Sunday, 21 June 2009

Plain greedy

I just wanted to leave a quick post here to say thanks to everyone for the supportive comments about my first clutch in progress. I'll be continuing on it in the near future but I am now away for a little while (until early July). I know, it's not that long since my last holiday, but this trip is of a different kind - it's a friends-seeing trip - and it has been booked for some time. I'm not just being greedy, honest!

Bye for now, folks

Friday, 12 June 2009

Work in progress - Golden and Green leafy clutch

This is how I've been developing the appliqué pattern for my first clutch purse. After sketching out possible layouts (which you can see in this earlier post's image) I then drew lots of possible 'leaf'/'feather' shapes out on graph paper...



Using graph paper helps me to keep my designs symmetrical when I want them to be. In this case I drew half of the shape I wanted, then cut it out, drew around the half, then flipped it over and drew around it again next to the first half, to give me a shape. I tried out lots of different sizes and shapes before I settled on these ones, which I then drew out again on card, for a more durable template...




I decided to make different sizes of the same shape, so I could use the same pattern on different-sized products. In the end I also adapted one shape to make another size (I drew around the shape and then trimmed off an even amount all around) to give me 5 different sizes to use on various sized coin purses, clutches, and possibly bags and pillow covers in the future.

Then I used the shape templates to cut out my silk pieces in two colours and spent time figuring out just how I wanted them arranged.

After about an hour of fiddling with the layout, I took the plunge and fixed all the shapes down with fusible webbing. Eeep! It was kinda scary, committing to a design layout after all that planning, but I think it went pretty well - certainly for a first go. One or two silk pieces didn't quite fix on precisely where I wanted them to (I think it's something that will come with practice and learning how to ensure things are in place whilst also hidden under a protective tea towel!) but all in all it's looking pretty much how I envisioned it.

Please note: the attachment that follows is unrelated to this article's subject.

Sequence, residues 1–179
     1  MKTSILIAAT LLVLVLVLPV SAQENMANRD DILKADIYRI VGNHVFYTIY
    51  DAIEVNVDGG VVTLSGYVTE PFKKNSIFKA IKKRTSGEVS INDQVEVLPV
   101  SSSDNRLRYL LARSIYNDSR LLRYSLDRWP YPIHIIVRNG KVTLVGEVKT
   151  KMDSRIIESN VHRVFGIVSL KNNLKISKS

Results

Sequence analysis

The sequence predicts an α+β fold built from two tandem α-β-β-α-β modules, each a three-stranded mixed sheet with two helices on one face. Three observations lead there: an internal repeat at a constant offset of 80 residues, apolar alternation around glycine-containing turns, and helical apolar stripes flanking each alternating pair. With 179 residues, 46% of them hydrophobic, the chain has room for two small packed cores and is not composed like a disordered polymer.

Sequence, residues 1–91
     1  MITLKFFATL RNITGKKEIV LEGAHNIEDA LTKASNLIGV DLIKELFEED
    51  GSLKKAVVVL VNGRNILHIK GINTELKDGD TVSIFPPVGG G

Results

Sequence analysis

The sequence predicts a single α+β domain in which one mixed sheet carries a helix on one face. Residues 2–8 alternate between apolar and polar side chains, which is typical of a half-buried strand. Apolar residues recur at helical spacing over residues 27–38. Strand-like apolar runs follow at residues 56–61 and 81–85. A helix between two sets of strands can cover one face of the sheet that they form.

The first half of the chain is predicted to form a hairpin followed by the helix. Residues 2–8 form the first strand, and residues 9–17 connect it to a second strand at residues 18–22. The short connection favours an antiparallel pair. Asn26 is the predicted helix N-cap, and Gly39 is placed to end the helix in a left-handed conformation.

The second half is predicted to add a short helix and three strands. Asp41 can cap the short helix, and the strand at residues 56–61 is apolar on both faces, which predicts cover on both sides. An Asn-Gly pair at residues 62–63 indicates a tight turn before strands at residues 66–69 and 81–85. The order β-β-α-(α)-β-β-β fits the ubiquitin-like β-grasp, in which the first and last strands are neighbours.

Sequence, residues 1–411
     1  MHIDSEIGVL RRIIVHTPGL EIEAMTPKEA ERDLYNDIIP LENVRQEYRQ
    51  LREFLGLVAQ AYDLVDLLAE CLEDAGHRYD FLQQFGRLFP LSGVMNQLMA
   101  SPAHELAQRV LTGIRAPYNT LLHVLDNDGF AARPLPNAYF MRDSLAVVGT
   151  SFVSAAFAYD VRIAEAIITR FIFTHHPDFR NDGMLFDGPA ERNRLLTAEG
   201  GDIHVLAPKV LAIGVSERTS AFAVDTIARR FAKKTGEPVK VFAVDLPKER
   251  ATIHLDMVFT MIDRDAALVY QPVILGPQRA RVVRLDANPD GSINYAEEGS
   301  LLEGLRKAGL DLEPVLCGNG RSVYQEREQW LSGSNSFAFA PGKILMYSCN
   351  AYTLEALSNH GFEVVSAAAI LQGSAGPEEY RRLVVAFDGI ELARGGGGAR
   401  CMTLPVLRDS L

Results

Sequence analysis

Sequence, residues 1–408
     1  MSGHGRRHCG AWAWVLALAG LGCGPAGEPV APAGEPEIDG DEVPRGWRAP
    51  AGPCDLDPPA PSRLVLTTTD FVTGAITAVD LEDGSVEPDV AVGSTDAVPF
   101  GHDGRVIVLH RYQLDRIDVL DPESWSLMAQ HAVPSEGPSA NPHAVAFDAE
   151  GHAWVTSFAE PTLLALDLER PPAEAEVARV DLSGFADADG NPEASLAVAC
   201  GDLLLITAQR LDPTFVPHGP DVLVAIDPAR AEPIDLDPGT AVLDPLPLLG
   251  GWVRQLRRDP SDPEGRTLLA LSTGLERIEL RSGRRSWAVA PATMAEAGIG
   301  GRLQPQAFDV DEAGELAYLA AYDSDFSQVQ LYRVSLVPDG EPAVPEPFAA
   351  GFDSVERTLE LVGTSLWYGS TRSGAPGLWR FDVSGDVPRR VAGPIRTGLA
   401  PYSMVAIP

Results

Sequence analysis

There will be more photos later as I progress through making this...wish me luck!

Tuesday, 2 June 2009

It's not that easy, going green...

A belated "Hello, I'm back from my holiday!"
Devon was beautiful and inspiring. I took a lot of holiday snaps of the boats on the river, but I think this picture is my favourite. I took it looking up at the trees, on the walk to Dartmouth Castle, which is a lovely walk with lush greenness on one side and the river Dart in all its glory on the other.

Now, about the 'going green'...

A while ago, I posted on this blog about trying to change over to more ethical fabrics. It is surprisingly tricky, in this modern eco-conscious world, to be a 'green' crafter. Companies selling goods that are organic may not also sell goods that are fair trade, or vice versa...and when you do find a company that sells things that fit both criteria, they have an unfortunate tendency to be companies based in far flung places. This gives more problems, with the cost of freight and import duties, not to mention the amount of distance the goods will have to travel, thereby adding to the air pollution of our poor, hapless mother earth!

Shifting my products over to ethical, eco friendly materials is important to me. I've been made aware of the environmental effects of non-organic cotton and as an independent businessperson, trying to make a difference in the world, it does play on my conscience that I have hoards of fabric that are just not organic. I'm working on ways to make the best use of them as I can until I get through them and can make my products significantly more eco.

Fair trade is important to me too. I feel that its a little counteractive to be an independant crafter, promoting the handmade movement against a wave of consumerism, to use materials that themselves promote mass production and the exploitation of others.

Not long ago, I discovered a wonderful company that not only sells organic cotton by the metre, but that that cotton is fairtrade, imported directly to England from the happy producers, with outlets reasonably local to me. You know what the absolute bestest part is? The fabric is, as we say in the south west, absolutely lush! Gorgeous colours and texture, just the right weight for what I want to do with it. Here's a sneaky peeky:

It's not always possible to find the exact colour you want...but I've also tracked down some eco friendly dyes that could help with that, and in a way being limited by colour is really good...because it means I can let the fabric guide the design. So far, I have off-white, raspberry red-ish pink, soft grey and heathery purplish blue cottons. These are going to be the base colours for my first few Treacle Toffee clutches, coin purses and cushion covers (pillow covers if you use American English, but I couldn't resist the alliteration there!)

I'm excited about this change, and I hope you folks are too. :-) Watch this space for a post about other eco friendly practices I'm using in the shop.